The Vietnamese government has never officially stated its stance on the grievous actions of Monsanto and other military contractors for the U.S., focusing instead on reparations for victims of Agent Orange. As one of the makers of Agent Orange, Monsanto claims they were just following the recipe for the formula as directed by the U.S. government.
Instead, the country seems to be embracing a company headquartered in the U.S. and its incessant propaganda promoting genetically modified organisms.
Furthermore, dioxin, found in Agent Orange, is one of the most dangerous chemicals ever made by man. Though the U.S. military carries out orders to help remove dioxin "hot-spots," their actions include heating the old Da Nang air base to temperatures above 600 degrees Fahrenheit, a level said to render the toxin harmless. There is no scientific proof that this even works.
A draft report released for public comment in September 1994 by the U.S. Environmental Protection Agency clearly describes dioxin as a serious public health threat, yet Cao Duc Phat, Vietnam's former agriculture minister says there's no problem. "GMOs are a scientific achievement of humankind, and Vietnam needs to embrace them as soon as possible," he stated.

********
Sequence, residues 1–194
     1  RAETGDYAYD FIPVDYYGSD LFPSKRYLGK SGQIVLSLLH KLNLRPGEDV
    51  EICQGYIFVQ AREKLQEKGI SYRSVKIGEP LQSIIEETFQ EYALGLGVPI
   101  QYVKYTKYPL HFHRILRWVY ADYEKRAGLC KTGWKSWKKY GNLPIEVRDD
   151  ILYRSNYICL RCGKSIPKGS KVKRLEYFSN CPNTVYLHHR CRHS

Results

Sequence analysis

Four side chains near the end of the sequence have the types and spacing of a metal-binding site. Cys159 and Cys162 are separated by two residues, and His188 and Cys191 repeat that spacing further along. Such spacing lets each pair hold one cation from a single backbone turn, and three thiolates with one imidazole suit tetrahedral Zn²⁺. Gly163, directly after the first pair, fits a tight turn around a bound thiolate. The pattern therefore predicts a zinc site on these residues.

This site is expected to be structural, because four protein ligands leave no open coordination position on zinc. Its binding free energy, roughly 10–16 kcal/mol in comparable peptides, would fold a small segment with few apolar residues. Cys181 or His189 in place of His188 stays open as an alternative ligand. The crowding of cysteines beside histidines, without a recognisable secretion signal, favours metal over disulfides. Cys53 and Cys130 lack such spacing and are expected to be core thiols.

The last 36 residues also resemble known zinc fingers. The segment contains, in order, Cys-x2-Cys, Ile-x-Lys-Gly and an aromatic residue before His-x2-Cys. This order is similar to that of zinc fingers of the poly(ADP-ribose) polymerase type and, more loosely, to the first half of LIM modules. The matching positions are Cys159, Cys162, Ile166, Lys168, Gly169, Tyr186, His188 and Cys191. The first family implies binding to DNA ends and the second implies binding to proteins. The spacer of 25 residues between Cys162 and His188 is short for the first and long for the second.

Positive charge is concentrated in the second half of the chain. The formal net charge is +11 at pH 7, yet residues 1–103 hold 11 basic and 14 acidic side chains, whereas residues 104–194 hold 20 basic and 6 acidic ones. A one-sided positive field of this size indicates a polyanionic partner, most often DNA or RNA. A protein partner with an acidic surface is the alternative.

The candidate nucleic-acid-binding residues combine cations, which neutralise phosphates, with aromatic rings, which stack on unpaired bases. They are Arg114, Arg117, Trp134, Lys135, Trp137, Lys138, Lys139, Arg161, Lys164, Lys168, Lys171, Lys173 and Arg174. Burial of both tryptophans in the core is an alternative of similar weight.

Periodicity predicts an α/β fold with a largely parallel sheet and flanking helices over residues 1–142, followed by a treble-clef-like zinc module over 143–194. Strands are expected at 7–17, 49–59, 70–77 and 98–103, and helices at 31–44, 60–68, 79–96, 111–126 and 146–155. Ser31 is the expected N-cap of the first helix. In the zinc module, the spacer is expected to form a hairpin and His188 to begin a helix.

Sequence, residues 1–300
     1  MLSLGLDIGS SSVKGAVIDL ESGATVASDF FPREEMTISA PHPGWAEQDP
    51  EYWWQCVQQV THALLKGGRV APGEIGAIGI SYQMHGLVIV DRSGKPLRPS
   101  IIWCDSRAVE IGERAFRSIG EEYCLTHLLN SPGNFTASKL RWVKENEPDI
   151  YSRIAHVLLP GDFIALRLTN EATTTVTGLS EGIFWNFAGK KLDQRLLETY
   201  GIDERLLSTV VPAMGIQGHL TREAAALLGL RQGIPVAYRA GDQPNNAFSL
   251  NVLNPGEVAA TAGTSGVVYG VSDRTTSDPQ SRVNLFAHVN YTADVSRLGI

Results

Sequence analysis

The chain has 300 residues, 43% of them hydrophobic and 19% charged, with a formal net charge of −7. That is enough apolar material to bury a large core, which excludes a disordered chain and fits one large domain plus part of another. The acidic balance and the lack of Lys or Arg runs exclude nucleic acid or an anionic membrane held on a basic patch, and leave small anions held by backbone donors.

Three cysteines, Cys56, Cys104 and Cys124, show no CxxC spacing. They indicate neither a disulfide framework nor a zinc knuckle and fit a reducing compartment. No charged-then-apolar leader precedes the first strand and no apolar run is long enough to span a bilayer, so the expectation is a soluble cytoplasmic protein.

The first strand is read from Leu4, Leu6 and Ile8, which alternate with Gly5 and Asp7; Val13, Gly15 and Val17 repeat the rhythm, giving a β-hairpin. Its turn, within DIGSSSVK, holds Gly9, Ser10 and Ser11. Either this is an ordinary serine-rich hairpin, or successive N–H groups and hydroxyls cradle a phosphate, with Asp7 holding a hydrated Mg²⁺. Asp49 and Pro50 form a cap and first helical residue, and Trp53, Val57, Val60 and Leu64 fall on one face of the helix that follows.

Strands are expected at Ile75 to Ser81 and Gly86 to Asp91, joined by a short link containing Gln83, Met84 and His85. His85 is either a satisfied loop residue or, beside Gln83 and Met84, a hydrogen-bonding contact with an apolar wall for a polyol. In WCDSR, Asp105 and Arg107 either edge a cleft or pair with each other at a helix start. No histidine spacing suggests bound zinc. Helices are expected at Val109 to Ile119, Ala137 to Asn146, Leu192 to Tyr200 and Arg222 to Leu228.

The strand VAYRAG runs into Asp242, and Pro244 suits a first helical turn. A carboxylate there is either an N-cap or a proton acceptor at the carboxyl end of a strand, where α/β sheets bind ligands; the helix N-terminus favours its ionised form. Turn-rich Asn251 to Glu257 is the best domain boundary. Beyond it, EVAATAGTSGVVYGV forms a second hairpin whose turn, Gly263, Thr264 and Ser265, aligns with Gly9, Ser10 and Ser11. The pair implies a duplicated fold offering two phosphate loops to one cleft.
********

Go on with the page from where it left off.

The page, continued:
This is a surprising statement since dioxin and other herbicides are part of the overall platform upon which genetically modified crops are sold. According to the U.S. Department of Agriculture, in recent years, more than 93 percent of soy planted in America was "herbicide tolerant," meaning it was engineered to withstand herbicides (sold by the same companies who patent and sell the seeds).
Although the toxicity of dioxins harms human health through other means of contamination, such as through industrial emissions, Enlist Duo, the latest herbicidal development by Dow Agrochemical and Monsanto is a combination of both 2,4-D and glyphosate. It has been called the "Agent Orange" of GMOs by environmentalists, though others dispute this fact.